Merging Zotero libraries

I've seen several discussions regarding moving Zotero libraries from one computer to another. But I'm wondering if something a bit more ambitious might be possible. If I save some references in Zotero on my home computer, is it possible to merge them in to my main library on my office computer?

Sorry if this isn't the right place to be asking this...
  • For small numbers of records, import/export works O.K.

    There are also discussions on various strategies to sync the database.

    You can:
    (1)sync the zotero data directory with third party tools
    (2)put the zotero data directory on a network share (unsupported, and only one client at a time)
    (3)use portable firefox
    (4)use a third party literature database for syncing
    (5)wait for the zotero server
  • Thanks for the comprehensive answer. It hadn't occurred to me that merging and syncing are in fact the same thing. At the moment I guess (4) is the closest to what I do: Bookends and CiteULike hold partially overlapping sets of my references. (5) sonds attractive.
  • If either of you are game, I'd like to get more information on the available third party tools (1).
  • rickla commented on (4) & it is what I use too:

    I use (and help to develop) refbase, which is a free/open source webapp. It supports UnAPI+MODS XML, which zotero can "translate." While I've played a bit with a firefox extension to make all records added in zotero also get added to refbase, it isn't yet ready. However, refbase's import of common bibliographic tools is good, so I use that.

    rickla listed Bookends and CiteULike. Bookends is a proprietary, commercial desktop system for OS X & CiteULike is a proprietary, gratis webservice. Both can export formats zotero can import. CiteULike can be "translated" & both allow some file import.

    As for (1): I've used rsync and unison to sync my home directory (and so my firefox profile) with good results. Both are free/open source & work everywhere. Another general purpose sync is foldershare (proprietary, gratis webservice).

    Firefox-specific syncs include the free/open source sync firefox extension.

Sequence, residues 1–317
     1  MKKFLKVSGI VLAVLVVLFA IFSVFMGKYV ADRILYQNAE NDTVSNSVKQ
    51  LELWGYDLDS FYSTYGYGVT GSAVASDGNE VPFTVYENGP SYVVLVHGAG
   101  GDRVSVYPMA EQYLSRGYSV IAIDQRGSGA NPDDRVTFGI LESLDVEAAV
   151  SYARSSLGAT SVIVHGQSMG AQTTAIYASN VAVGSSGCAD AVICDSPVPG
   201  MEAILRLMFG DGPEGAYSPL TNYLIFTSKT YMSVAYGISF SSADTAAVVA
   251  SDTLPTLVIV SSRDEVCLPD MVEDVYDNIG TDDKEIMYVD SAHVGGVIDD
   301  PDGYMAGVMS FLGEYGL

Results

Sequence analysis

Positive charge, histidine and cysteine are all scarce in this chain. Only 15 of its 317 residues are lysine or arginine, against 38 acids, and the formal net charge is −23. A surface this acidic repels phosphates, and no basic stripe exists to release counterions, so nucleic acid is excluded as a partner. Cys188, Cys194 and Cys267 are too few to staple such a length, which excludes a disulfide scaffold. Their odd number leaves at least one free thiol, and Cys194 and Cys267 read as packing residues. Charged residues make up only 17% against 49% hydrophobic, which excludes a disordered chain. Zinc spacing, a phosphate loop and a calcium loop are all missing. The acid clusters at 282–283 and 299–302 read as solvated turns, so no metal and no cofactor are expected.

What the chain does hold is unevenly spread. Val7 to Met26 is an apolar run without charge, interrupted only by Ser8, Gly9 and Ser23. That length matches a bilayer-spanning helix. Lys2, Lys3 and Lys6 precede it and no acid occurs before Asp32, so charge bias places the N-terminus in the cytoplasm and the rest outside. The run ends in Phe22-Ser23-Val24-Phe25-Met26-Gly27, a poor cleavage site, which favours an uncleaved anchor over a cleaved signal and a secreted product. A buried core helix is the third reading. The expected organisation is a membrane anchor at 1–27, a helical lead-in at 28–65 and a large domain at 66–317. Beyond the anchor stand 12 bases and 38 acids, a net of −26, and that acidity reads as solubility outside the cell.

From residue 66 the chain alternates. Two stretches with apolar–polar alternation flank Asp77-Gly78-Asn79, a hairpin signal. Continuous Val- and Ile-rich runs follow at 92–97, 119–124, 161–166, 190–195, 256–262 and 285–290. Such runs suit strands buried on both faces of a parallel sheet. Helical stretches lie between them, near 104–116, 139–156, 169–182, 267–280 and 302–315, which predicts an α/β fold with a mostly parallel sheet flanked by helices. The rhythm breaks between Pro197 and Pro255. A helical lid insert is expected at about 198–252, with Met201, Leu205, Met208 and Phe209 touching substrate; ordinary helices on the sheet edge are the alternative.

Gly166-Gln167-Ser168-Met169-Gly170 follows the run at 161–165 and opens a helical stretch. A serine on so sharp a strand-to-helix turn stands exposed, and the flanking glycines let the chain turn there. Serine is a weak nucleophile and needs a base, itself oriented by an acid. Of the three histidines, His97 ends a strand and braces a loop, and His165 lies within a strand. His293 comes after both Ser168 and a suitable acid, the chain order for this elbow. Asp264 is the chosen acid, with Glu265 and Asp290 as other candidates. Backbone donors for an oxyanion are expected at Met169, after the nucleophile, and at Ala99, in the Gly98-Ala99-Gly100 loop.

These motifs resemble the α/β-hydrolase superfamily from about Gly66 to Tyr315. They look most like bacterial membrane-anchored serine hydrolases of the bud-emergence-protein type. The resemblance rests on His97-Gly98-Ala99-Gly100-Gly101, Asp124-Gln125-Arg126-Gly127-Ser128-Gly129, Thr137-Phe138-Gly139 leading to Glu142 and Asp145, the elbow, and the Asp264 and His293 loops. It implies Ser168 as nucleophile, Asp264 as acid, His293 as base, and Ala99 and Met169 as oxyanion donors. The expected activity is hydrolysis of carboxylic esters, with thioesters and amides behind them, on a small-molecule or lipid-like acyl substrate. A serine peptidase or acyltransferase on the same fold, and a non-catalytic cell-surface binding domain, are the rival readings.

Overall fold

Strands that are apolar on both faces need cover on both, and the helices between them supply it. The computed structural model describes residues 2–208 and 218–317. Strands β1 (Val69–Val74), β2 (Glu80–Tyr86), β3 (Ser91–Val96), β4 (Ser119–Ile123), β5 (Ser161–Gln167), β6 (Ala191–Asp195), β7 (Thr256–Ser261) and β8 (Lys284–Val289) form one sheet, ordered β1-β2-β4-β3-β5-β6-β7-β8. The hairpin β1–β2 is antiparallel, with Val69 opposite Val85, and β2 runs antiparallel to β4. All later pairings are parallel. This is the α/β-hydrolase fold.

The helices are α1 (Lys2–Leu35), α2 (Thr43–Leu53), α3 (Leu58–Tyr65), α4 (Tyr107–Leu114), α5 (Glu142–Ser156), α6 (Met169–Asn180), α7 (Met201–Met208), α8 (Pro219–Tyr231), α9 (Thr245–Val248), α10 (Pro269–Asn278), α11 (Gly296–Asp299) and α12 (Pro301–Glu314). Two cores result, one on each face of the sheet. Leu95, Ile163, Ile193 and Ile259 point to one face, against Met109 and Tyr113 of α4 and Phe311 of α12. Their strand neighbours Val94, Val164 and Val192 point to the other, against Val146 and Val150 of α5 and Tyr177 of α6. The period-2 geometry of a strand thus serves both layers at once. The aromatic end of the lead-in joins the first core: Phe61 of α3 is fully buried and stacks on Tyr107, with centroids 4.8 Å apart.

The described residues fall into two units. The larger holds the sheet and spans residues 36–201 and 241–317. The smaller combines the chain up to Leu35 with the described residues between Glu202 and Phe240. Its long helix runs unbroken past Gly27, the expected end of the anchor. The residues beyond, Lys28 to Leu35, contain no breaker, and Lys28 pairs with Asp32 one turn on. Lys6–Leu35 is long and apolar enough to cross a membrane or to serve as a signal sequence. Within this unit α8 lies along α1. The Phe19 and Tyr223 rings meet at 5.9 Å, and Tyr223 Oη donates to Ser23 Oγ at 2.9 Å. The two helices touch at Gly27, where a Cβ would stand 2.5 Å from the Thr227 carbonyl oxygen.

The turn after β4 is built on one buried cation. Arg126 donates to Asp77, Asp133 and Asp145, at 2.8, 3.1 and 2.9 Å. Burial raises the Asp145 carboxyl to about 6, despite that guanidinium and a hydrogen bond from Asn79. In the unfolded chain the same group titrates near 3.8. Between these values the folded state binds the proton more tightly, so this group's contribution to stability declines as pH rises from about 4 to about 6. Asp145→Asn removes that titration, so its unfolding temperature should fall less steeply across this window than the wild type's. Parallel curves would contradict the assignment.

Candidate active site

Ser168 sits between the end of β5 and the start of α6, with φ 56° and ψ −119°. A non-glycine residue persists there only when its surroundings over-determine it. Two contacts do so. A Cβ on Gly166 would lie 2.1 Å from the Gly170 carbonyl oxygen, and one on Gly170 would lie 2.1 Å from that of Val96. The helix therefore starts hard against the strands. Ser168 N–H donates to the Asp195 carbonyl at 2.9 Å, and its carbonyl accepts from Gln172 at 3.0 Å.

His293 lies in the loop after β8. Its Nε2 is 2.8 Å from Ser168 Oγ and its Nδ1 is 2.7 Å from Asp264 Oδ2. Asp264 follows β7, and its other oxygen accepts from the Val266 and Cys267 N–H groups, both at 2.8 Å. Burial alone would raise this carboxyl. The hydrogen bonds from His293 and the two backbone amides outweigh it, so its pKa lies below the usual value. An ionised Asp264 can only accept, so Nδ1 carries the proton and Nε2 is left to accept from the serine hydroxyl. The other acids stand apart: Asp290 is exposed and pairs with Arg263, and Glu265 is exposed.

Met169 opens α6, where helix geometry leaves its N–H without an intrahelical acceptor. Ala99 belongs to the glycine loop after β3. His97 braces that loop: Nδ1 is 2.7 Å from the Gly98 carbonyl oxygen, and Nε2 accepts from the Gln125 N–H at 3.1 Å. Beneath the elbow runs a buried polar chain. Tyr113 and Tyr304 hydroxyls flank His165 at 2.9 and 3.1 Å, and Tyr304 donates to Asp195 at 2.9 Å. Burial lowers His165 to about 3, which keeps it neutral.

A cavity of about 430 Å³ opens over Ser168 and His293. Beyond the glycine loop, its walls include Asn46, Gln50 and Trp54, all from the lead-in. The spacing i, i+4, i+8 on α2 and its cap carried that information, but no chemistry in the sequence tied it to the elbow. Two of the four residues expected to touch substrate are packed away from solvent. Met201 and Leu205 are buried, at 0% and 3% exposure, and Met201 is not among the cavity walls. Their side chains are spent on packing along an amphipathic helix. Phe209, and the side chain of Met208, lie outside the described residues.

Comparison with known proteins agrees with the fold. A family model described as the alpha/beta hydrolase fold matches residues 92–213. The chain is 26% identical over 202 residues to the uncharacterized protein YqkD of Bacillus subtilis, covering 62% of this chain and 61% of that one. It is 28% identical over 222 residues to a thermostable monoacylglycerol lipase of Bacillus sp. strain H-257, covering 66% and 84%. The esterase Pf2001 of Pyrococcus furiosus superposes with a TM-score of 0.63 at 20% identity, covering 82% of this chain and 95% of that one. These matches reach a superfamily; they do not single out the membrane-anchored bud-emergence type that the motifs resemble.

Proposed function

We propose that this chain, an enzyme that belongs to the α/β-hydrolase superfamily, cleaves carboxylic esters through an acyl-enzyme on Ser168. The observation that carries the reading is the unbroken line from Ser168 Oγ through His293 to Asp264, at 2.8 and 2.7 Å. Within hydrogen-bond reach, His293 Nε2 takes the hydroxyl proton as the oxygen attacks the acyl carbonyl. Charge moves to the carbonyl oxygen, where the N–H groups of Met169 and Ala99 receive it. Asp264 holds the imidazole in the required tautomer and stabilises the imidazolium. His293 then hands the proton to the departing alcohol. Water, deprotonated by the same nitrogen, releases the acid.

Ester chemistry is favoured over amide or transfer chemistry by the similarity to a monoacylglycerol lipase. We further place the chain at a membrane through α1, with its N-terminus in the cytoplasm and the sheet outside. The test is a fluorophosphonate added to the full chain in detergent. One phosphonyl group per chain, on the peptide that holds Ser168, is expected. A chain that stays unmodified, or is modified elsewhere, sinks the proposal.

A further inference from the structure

• Thanks to noksagt for the pointer to refbase, and also to rsync and unison. Other tools I would mention are Bibsonomy and Wikindx.

    For a while, I thought Wikindx was the answer to all my dreams. It's a kind of wiki (that you install yourself) centered entirely around reference management, allowing teams of people to enter and search for references, and to write documents citing those references. I still think it might be a great long-term solution, but I had all kinds of problems installing it after switching web hosting to Dreamhost.

    Bibsonomy is a hosted service. It looks really promising, too. But when I first tried it my research collaborators didn't want to hear another of my "Look at this great new tool" bursts of enthusiasm, so I quietly dropped it without exploring all its possibilities.

    My general experience is that transferring references from one tool/service to another always results in some duplicates and some orphans.

    Connotea is another service. I used it briefly when it was run by an individual programmer. I'm not sure how it's going now that it's a bigger project.

    I've started a group at Ma.gnolia to share links to bibliographic tools:
  • You can also refer to:
    Zotero can translate the major centrally managed tools (Connotea + CiteULike) & refbase. It seems it doesn't yet do BibSonomy. Zotero can't yet translate wikindx (as it can refbase). The wikindx dev has been told about COinS & unAPI, so they may eventually add support.

    With all other apps, you should carefully inspect the import/export columns to see if there are compatible formats.
  • If I put the zotero data directory on a network share (2), would making it read-only allow multiple client access without problems?
  • Catlynnl: I touched on your question recently in a thread on the dev list. The short answer is no—you'd still have to have the database open from only one computer at a time.
  • Option (1) works great with Syncplicity ( I really like this solution. You can easily sync and backup two computers for free.
  • @javabgar - but it's no longer relevant - Zotero has its own sync features now, which avoid some of the problems with (1) described above.
  • Thanks, that's true, adamsmith, but until a couple days ago I was not familiar with webdav, so I couldn't sync my files, and that worked for me (and may work for other people...)
This discussion has been closed.